Jan 13, 2020 02:48 PM EST
The Truth About the College Mental Health Crisis
We see jokes online about college, and they usually revolve around the stress of having student debt and surviving challenging courses. Ask any student, and you'll most likely be met with the grim reality that they're dealing with much more than it looks.
As young adults, we're expected to enter the top colleges, go beyond expectations, all while balancing a healthy lifestyle and diet. Everyone talks about getting good grades, but no one addresses the elephant in the room: the mental sacrifice students make to meet the criteria.
We have a mental health crisis in college, and it can't be ignored any longer. We're here to find out what it is, what's causing it, and what options we have to treat and prevent it.
College Mental Breakdowns
A mental breakdown or a nervous breakdown is described as a period of intense psychological distress. During this time, it is a challenge to function in everyday life. Students who are under pressure to excel academically are experiencing this, sometimes without realizing this. It is worse when it is normalized as a part of everyday college life.
Whether they are aware of their condition or they brush it off, how they handle it can have a major impact. A mental breakdown can lead to an array of habits that can hurt the student, their academic performance, and other aspects of their lives.
At a minimum, students are known to experience changes in weight, have trouble sleeping, or consume junk food or full spectrum cbd tincture and CBD balm oil to calm the nerves. However, it can lead to more severe consequences, such as depression, anxiety, drug or alcohol addiction, and even self-harm and suicide.
The Numbers Speak for Themselves
It is usual for students to experience mild stress or anxiety at least sometime during their college years. However, one in five students experiences debilitating anxiety and depression. What also isn't normal is that suicide is the second-leading cause of death among college students worldwide. 90% of those who commit suicide have a mental disorder that has been left untreated.
The leading cause of deaths among college-age students are accidents, many of which are alcohol-related. Alcohol is consumed by over 60% of college students monthly. Since they are vulnerable, students are being killed by alcohol both actively (by binge drinking) and passively (by car accidents).
The culture of pressure, expectations, and instability that can leave students vulnerable. No matter the leading causes, it can be traced back to undiagnosed and untreated mental health conditions in college students. Is college to blame?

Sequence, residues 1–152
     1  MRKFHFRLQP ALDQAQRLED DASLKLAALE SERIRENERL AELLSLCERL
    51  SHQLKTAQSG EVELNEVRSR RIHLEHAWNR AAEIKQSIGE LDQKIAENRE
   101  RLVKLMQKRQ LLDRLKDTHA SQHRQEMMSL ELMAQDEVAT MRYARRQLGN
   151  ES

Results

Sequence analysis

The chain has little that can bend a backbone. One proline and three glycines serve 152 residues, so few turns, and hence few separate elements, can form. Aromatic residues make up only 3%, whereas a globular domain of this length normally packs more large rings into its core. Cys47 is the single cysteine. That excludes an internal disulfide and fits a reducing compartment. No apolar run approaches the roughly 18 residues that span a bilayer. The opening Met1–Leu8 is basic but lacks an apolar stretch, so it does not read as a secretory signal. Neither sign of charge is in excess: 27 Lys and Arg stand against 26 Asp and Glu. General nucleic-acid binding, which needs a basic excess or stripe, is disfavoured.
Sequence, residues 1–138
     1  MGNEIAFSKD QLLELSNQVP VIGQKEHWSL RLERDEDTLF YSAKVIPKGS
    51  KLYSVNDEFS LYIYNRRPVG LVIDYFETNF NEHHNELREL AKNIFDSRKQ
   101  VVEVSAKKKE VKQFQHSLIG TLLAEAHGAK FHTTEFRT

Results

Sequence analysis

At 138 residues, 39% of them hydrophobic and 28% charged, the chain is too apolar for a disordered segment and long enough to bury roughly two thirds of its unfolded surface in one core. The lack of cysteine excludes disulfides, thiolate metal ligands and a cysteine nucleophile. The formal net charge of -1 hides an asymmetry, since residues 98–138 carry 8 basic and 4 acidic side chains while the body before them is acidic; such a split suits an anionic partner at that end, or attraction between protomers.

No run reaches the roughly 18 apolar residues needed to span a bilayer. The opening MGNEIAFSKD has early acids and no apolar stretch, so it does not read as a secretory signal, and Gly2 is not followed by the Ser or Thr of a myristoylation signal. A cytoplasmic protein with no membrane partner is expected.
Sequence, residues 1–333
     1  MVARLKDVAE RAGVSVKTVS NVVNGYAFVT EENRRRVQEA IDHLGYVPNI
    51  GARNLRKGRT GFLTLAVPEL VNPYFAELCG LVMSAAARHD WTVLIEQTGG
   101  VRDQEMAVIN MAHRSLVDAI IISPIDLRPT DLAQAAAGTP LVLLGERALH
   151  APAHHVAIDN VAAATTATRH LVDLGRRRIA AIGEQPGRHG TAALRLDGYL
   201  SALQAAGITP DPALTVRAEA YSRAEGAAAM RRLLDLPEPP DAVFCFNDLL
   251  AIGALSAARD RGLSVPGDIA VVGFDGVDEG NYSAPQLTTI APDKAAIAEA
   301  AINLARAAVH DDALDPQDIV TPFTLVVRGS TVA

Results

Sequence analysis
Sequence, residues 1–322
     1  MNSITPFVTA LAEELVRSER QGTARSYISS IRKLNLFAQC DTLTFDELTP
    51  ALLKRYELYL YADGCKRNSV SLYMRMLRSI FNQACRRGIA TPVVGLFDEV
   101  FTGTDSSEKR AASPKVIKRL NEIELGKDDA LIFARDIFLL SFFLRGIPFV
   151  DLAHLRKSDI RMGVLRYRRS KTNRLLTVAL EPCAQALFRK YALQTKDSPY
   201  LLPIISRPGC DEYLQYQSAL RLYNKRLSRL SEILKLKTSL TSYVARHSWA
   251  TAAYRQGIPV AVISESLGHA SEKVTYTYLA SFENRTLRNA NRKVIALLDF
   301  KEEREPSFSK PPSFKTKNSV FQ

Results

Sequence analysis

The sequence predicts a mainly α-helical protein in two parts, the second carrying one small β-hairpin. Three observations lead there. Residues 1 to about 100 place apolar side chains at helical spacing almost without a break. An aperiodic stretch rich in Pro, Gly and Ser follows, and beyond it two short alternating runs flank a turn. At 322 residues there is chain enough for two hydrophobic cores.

What is Causing it?
Depressive illnesses are disorders of the brain likely caused by a combination of genetics and biological, psychological, and environmental factors. According to a 2013 survey, depression is the number one reason students drop out of school. As to what is causing, here are some theories:
It's hard to say this without sounding like a baby boomer, but it's true: our phones and social media statuses are running our lives. On top of college stress, we're exposed to bad news 24/7, we experience intense feelings of F.O.M.O., and our endless scroll robs us of our limited free time and sleep.
Attending college with students of different backgrounds is an enriching experience you can't get in most places. The downside is that minority and international students experience unique forms of stress that their peers cannot relate to. We're applying to the same expectations to everyone, regardless of how unstable their lives may be.
Experts have noted that the historical and cultural circumstances through which Millennials and Gen-Zers were raised have created an era of heightened parental control and protection. In an effort to ensure their children never have to deal with problematic events, many times, they miss out on developing the abilities to cope with stress.
Recognizing the Signs
According to the APA, the most common signs of depression include (but not limited to):
Changes in your sleeping pattern such as oversleeping or insomnia
Appetite changes; a loss of appetite or overeating
Body aches or fatigue
Consistent feelings of sadness
Difficulty completing everyday tasks
Lack of interest in activities you once enjoyed
If students are experiencing these symptoms, they should discuss them with their healthcare provider. Only a healthcare professional is qualified to diagnose someone with depression. They can help students determine if they are experiencing any mental health issues and the best course of treatment.
How Can We Manage College-related Stress?
Get Mental Health Support
The good news is that we no longer live in a time where mental health conditions are stigmatized. Many campuses are raising mental health awareness and offer services to help their student body.
Cut Down on Phone Use
Not only will it stop you from comparing yourself, but you'll also have more free time and better quality sleep. Moderation is key.
Ditch the Productivity Culture
You don't have to make everyone happy. Focus on yourself and your obligations, and allow yourself to take a break instead of always having to be productive. Trust us; the world can wait.
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